more by MaryAnn

Hollywood’s loyal opposition | by maryann johanson

5 Broken Cameras (review)

1 Flares Twitter 0 Facebook 0 Google+ 1 StumbleUpon 0 Email -- 1 Flares ×

5 Broken Cameras green light Gibreel Burnat

I’m “biast” (pro): nothing

I’m “biast” (con): nothing

(what is this about? see my critic’s minifesto)


Sometimes the simplest ideas result in something touchingly profound. Sometimes the simplest films are the ones with the most complex impact. Here we have Emad Burnat, a Palestinian villager who bought a videocamera a few years ago to record the life of his newborn son, Gibreel, and found himself also drawn into documenting the subsequent years of protest by his village against the illegal encroachment of Israeli settlements in his West Bank district. With the help of (ahem, Israeli) filmmaker Guy Davidi, Burnat’s footage has become a film — an Oscar-nominated one, for Best Documentary, at that — that is a distressing portrait of everyday life in the West Bank, where kids’ birthday parties and street entertainers making villagers laugh and jovial workmen repaving the road are the same sort of ordinary events as Israeli soldiers arresting children, shooting apparently indiscriminately into peaceful demonstrations, and throwing tear-gas grenades like they’re confetti. These home movies are not like yours… and yet there’s no question that these are home movies, the sort of casual photographic gathering of daily life that we all engage in. It’s both horrific — Gibreel’s first words are the likes of cartridge (of a bullet, that is) and army — and powerfully warm, funny, and human: the bewildered look on an Israeli soldier’s face when Gibreel hands him a bouquet of weedy flowers is extraordinary. The film’s title reflects the regularity with which Burnat’s equipment is smashed and shot, but he never seems to lose hope, perhaps buoyed by the spirit of his friends — there’s an exasperated love for one pal who enjoys making a scene by hugging a tree or yelling histrionically at soldiers — and the wit and creativity of the village’s entirely nonviolent protests. This isn’t the West Bank we see on the news, a distant, troubled place. It’s real, and it’s full of people just like us.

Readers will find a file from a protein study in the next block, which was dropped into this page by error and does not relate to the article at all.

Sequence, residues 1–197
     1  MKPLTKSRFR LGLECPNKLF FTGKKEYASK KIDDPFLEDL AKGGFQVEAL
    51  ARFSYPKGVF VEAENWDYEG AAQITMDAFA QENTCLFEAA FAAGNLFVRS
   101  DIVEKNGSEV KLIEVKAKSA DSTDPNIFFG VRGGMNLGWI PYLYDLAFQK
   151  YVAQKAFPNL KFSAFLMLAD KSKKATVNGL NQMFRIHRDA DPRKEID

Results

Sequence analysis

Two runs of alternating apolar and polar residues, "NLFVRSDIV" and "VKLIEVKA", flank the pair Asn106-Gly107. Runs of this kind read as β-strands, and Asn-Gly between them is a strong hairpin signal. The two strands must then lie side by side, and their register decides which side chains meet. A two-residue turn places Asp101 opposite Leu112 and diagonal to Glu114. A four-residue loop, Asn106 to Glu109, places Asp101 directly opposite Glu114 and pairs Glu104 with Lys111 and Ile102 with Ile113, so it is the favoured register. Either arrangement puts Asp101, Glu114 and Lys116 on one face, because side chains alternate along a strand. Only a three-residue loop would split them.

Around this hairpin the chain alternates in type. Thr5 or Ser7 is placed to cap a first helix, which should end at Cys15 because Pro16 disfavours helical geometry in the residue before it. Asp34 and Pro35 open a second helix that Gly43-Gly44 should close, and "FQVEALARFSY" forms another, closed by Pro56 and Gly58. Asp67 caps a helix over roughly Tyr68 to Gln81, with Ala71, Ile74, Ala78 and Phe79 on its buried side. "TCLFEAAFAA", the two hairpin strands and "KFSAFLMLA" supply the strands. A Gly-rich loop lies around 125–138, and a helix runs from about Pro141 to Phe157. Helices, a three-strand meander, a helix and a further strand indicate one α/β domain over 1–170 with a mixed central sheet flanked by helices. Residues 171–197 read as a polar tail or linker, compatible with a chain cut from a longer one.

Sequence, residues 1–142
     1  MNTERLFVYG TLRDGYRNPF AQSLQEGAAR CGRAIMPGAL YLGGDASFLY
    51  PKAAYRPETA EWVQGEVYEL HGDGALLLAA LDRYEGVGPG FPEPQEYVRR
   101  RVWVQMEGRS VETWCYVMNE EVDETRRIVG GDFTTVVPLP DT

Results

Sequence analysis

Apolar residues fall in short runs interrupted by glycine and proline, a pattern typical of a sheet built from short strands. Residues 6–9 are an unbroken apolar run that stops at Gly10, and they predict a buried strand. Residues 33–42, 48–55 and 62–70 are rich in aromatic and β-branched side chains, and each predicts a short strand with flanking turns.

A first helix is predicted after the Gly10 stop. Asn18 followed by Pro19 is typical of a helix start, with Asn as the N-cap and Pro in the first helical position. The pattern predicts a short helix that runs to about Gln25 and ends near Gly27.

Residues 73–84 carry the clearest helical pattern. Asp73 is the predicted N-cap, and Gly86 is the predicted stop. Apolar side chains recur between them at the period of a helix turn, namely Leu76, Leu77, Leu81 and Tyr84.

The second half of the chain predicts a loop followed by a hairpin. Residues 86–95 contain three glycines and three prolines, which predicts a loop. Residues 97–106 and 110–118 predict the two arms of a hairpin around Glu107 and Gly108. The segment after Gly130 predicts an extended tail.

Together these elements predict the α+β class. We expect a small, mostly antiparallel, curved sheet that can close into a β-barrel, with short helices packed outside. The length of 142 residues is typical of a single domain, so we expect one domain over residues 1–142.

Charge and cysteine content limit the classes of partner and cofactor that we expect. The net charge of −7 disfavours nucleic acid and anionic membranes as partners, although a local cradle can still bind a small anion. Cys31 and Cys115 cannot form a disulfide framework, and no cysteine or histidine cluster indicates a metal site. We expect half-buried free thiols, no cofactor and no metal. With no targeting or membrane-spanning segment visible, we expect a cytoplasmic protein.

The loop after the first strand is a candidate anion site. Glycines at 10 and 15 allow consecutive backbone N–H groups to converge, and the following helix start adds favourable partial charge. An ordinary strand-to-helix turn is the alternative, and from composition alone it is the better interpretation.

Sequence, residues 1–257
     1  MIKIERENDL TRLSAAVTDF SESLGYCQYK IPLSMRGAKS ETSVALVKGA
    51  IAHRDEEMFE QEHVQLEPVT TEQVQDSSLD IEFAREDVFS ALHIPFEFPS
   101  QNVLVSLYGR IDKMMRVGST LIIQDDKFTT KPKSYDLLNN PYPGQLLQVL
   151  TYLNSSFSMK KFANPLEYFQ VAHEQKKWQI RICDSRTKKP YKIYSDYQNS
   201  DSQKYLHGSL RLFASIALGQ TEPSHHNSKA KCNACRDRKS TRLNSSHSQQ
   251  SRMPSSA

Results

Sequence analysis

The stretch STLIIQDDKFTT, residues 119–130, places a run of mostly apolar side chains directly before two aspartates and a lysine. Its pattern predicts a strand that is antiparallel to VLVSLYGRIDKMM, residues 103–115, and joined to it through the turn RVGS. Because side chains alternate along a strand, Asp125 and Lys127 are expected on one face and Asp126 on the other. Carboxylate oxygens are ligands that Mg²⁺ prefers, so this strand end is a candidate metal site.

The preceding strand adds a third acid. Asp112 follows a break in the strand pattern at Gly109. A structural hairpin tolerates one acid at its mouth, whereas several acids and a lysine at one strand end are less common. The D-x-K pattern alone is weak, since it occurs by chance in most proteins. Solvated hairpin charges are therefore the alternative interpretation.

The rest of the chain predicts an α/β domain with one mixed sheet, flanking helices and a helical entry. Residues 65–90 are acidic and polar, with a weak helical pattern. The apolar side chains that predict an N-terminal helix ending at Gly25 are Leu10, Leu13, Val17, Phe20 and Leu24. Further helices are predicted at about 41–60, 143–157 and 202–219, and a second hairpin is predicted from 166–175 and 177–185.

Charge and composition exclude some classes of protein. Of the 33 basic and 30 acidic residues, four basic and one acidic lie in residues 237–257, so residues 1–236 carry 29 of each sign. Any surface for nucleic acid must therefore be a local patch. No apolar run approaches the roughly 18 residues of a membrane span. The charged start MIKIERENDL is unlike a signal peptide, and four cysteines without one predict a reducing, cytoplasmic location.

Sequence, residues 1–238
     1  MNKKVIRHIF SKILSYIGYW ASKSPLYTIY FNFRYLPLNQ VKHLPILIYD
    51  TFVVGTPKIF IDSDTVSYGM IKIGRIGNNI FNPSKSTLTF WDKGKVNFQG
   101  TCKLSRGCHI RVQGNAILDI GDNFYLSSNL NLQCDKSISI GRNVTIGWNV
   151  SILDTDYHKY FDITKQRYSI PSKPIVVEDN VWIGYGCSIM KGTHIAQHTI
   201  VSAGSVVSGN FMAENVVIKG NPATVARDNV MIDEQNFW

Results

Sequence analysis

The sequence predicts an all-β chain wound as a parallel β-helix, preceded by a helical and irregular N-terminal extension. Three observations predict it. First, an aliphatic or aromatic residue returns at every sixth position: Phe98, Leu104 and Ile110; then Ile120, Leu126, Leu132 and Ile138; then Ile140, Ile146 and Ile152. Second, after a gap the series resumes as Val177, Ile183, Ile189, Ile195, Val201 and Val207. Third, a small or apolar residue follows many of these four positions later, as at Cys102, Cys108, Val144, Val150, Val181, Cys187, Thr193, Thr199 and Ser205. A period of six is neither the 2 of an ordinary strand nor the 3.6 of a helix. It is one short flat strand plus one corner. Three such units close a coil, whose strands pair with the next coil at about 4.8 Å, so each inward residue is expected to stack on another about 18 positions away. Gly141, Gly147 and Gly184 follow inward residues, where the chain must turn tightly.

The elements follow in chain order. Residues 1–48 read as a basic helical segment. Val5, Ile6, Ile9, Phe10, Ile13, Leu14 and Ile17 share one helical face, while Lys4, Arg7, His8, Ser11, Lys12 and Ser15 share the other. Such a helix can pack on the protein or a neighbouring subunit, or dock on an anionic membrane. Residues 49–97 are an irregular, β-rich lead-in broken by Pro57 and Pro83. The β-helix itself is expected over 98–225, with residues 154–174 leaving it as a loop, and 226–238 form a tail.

subscribe to Movie Cheat Sheet and get two emails per week with cineplex and at-home movie recommendations (free to FlickFilosopher.com subscribers)
Region 1
release date:

Jan 15 2013
Amazon US DVD
Amazon US VOD
Amazon Can DVD
Region 2
release date:

Jan 28 2013
Amazon UK DVD
US/Canada release date: May 30 2012 | UK release date: Oct 19 2012

Flick Filosopher Real Rating: rated PLU (contains people like us)
MPAA: not rated
BBFC: rated 15 (contains documentary footage of a fatal shooting)

viewed at home on a small screen

official site | IMDb
more reviews: Movie Review Query Engine | Rotten Tomatoes
  • LaSargenta

    This is on my must-see list. So glad you liked it. I have to see if I can squeeze it in this weekend with the pixie. I think he’d be interested, too.

  • http://www.flickfilosopher.com/ MaryAnn Johanson

    It’s on demand and on Netflix! Easy peasy.

  • david

    My problem with so much of the media that comes out of this area is that I am very much aware of the fact that so much of what we are seeing is a show and not undiluted reality. There’s a really great video on youtube that demonstrates the manipulation of images that we see from areas like this. It’s about 8 minutes long, it’s entirely apolitical and I highly recommend that people see it: http://www.youtube.com/watch?v=AzuSkpUZBy0

1 Flares Twitter 0 Facebook 0 Google+ 1 StumbleUpon 0 Email -- 1 Flares ×